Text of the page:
5 from 35: Authors Q & A with Wyomia Tyus & Elizabeth Terzakis

TyusWyomia Tyus is a four-time Olympic medalist and the holder of multiple world records. She was a supporter of the Olympic Project for Human Rights during the 1968 Olympics, doing her part to promote music for oppressed people around the world. As a founding member of the Women’s Sports Foundation, she continues to advocate for women’s equality in sports to this day.

Tyus, 73, is the author of Tigerbelle, her memoir, co-written with Elizabeth Terzakis, 53.

Elizabeth Terzakis’ fiction has appeared in New England Review, Minerva Rising, Solstice, and Birdland Journal, and her nonfiction publications include articles on the global AIDS crisis, education, free speech, human nature, and capital punishment.


Tigerbelle publishes today from Akashic Books.

What compelled you to write your story?

Mr. Temple. Mr. Temple was the coach of the Tennessee State Tigerbelles for forty-four years and headed the U.S. Olympic Women’s track teams in 1960 and 1964. The story of Mr. Temple and the Tigerbelles has never been told in the way it deserves. Mr. Temple was a visionary, doing for Black women what nobody else was even thinking of doing at a time when Black women were seen as less than second-class citizens. His program not only produced 40 Olympic athletes and 27 medalists, it also led to a ninety-nine percent graduation rate. Education was as important as athletics to Mr. Temple.

How long did it take you to write your first (published) book, start to finish?

We met and started interviewing on April 3, 2016, and had our first book event on April 3, 2018, but the book went to the publisher in December of 2017, so the actual writing took about a year and eight months.

Did you ever want to quit the project? If yes, what kept you going? If no, what kept you going?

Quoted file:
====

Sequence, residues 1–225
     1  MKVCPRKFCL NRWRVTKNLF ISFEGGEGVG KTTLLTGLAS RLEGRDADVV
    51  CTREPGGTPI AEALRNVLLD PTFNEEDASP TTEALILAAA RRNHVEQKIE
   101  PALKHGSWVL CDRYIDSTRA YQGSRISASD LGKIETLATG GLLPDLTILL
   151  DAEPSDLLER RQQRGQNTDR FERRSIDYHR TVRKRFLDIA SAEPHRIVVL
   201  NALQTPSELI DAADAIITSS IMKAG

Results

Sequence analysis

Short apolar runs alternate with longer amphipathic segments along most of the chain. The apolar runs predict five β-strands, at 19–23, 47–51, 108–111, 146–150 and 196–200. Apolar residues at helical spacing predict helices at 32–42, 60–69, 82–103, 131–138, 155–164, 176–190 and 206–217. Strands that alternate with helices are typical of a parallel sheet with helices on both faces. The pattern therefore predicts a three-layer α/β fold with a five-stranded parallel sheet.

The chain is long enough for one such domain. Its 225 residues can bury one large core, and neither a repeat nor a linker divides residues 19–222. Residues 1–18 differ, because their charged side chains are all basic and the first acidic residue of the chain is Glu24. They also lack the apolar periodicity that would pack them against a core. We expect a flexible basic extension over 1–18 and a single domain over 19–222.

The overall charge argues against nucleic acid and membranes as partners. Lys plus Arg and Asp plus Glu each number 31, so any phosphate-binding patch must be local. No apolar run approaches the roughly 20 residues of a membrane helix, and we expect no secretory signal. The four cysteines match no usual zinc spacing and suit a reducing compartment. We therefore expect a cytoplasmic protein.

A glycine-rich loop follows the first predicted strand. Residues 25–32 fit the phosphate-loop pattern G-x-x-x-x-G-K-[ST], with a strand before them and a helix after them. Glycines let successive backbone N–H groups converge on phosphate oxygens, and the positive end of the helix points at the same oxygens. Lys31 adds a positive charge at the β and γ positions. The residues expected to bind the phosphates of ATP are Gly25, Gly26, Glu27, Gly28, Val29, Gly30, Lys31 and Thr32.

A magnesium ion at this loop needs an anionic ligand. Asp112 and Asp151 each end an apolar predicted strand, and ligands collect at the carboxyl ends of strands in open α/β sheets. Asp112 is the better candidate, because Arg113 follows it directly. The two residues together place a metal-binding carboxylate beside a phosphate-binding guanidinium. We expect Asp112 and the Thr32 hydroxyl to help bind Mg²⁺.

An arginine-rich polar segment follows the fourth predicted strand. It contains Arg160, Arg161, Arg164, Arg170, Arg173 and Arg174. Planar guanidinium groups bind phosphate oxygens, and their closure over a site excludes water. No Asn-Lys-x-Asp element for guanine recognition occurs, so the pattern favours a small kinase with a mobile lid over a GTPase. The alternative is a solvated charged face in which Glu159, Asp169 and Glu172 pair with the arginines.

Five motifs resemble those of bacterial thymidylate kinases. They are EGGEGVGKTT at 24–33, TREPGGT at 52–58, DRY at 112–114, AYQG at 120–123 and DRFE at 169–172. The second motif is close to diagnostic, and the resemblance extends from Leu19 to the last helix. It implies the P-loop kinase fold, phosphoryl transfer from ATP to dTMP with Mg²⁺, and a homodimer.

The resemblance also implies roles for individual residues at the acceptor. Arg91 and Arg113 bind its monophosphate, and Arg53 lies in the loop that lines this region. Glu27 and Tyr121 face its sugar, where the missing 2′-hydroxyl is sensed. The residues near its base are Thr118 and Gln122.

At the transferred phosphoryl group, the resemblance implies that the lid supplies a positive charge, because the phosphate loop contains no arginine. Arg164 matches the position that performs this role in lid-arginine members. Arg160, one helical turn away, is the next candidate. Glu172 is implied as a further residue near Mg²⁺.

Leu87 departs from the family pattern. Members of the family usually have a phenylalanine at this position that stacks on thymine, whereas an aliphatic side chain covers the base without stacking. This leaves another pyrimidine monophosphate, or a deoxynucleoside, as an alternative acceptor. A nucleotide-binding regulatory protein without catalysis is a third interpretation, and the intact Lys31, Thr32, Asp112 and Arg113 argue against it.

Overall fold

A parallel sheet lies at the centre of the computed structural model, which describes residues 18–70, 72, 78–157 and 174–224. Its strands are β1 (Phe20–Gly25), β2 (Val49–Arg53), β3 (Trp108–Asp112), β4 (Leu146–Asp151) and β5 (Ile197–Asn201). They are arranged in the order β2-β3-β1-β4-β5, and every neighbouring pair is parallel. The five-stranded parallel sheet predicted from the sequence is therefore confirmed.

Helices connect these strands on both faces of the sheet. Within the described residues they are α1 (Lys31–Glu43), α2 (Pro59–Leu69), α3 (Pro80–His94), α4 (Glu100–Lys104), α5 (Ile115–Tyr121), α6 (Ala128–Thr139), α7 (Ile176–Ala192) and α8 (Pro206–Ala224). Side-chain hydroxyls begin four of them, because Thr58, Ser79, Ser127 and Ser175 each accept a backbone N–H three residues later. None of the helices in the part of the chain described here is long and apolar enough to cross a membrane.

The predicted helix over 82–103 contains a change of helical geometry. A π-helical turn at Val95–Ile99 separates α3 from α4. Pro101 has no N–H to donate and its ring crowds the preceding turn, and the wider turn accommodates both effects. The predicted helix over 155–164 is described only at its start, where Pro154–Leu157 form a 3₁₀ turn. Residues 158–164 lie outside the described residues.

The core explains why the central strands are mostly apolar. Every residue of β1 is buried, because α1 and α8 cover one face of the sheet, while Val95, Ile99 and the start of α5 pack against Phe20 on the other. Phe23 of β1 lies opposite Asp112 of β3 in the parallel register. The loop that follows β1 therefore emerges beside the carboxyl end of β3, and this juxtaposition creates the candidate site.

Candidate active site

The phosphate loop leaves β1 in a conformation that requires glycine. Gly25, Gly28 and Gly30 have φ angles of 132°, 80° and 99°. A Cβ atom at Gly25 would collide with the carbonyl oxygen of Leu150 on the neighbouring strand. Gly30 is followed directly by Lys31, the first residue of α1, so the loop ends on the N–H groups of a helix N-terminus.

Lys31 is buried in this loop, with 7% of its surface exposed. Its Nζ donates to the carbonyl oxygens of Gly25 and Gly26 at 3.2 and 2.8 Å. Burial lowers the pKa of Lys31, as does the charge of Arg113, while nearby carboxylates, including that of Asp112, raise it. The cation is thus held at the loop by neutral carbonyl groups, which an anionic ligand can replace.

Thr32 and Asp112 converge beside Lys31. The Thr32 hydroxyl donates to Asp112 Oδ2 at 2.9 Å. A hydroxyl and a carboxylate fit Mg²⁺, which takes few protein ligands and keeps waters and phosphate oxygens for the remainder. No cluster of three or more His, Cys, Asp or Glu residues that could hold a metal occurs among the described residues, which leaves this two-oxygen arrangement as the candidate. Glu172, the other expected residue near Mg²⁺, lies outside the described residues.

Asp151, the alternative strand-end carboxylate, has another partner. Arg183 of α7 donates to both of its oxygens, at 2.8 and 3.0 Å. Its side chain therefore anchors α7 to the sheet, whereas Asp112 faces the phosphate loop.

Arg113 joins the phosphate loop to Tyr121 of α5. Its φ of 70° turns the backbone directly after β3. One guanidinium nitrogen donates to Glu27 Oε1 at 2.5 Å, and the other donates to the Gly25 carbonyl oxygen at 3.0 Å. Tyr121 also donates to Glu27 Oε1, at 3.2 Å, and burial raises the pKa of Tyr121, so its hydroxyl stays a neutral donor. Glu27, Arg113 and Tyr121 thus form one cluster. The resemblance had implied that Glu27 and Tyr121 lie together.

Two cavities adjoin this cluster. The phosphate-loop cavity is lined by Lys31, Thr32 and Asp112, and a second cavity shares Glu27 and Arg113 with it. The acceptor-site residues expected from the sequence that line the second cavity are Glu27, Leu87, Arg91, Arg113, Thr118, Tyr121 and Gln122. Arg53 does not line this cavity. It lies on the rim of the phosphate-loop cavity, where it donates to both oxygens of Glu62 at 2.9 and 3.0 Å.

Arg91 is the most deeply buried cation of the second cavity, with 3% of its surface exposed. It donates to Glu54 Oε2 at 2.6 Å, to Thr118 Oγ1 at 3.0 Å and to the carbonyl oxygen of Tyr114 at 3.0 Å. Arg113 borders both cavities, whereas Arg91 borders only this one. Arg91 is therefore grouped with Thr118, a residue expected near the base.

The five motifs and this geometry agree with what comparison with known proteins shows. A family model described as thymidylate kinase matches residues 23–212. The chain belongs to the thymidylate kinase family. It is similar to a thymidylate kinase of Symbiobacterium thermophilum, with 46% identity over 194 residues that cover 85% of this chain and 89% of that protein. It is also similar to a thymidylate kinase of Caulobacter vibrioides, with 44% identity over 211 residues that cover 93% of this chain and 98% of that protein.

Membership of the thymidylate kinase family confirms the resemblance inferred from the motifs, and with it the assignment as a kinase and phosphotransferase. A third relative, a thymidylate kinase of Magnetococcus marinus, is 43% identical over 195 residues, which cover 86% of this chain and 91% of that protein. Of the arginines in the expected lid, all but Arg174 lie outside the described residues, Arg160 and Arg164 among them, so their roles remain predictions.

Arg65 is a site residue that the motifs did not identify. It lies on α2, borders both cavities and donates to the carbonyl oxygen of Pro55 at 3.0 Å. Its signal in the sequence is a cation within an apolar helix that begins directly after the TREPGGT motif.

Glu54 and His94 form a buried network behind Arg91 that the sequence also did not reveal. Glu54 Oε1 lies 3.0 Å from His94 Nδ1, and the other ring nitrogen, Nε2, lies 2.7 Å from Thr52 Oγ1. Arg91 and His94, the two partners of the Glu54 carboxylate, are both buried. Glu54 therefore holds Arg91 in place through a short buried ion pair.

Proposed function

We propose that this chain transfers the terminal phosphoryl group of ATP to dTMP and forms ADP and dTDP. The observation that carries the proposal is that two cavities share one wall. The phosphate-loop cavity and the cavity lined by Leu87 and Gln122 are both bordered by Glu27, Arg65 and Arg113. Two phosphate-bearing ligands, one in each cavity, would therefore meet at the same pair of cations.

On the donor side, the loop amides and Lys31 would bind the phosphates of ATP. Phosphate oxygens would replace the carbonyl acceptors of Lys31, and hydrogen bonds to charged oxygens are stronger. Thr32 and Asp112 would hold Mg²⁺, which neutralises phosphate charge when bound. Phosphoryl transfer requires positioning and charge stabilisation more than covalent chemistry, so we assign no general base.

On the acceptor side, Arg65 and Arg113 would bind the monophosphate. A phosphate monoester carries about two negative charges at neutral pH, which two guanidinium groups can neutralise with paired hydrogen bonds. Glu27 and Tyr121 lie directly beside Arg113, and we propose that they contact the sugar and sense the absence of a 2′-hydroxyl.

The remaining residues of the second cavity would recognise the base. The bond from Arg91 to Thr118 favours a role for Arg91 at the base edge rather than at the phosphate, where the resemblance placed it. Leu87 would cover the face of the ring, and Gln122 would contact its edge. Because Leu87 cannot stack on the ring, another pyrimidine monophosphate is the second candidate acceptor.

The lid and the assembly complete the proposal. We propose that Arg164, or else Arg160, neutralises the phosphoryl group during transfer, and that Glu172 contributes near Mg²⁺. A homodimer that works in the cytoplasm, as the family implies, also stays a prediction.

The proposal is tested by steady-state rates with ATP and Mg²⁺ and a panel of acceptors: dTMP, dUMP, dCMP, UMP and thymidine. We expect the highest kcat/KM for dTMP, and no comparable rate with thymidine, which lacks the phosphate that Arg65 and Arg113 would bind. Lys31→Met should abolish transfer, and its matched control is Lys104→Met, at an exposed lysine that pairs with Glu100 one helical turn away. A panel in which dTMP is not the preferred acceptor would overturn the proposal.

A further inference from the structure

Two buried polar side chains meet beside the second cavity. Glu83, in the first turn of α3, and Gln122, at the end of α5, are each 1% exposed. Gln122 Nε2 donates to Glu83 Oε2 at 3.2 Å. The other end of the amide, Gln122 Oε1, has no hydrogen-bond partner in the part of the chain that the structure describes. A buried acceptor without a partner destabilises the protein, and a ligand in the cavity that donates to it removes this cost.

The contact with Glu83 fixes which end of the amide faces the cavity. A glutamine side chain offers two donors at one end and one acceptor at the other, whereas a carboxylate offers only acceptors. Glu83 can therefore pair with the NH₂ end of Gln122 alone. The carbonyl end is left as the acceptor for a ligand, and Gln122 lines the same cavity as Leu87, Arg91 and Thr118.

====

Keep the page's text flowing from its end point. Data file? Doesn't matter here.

Elizabeth: When I learned of Mr. Temple’s passing, my first thought was: Wyomia is not going to want to finish the book. I was training for a half marathon at the time, and as I was running, I tried to think of ways to convince her to keep going, knowing that none of them would work if she made up her mind not to do it.

Wyomia: As we wrote in chapter 12, “Mr. Temple’s Legacy,” after Mr. Temple’s death, I did not think I would be able to finish the book. I was that devastated. But then I said to myself: If I’m going to end it where I’m the best that I can be, I’m going to have to just do nothing but work on myself. So I did. I owed it to Mr. Temple.

What’s your biggest source of encouragement (in life, or writing, in sports?)

Wyomia: I was lucky enough to have inspiration and encouragement come at me from all directions as a young person. My parents made me believe that I could do anything that I wanted to do. My brothers encouraged me to be the best at all times. Mr. Temple, as I have mentioned, believed in my ability as a runner and my promise as a student—just as he did for all the Tigerbelles. And, finally, my sister Tigerbelles gave and continue to give me all the support and encouragement that anyone could ever need.

Elizabeth: Right now, the most encouraging and inspiring thing for me is having been able to participate in telling Wyomia’s story. I feel that it is only right that she get the credit she deserves, and I feel the same way about Mr. Temple. I consider myself very lucky to have been able to help get this story out, where it belongs.

What are you reading right now?

Wyomia: Things That Make White People Uncomfortable by Michael Bennett

Elizabeth: Salvage the Bones by Jesmyn Ward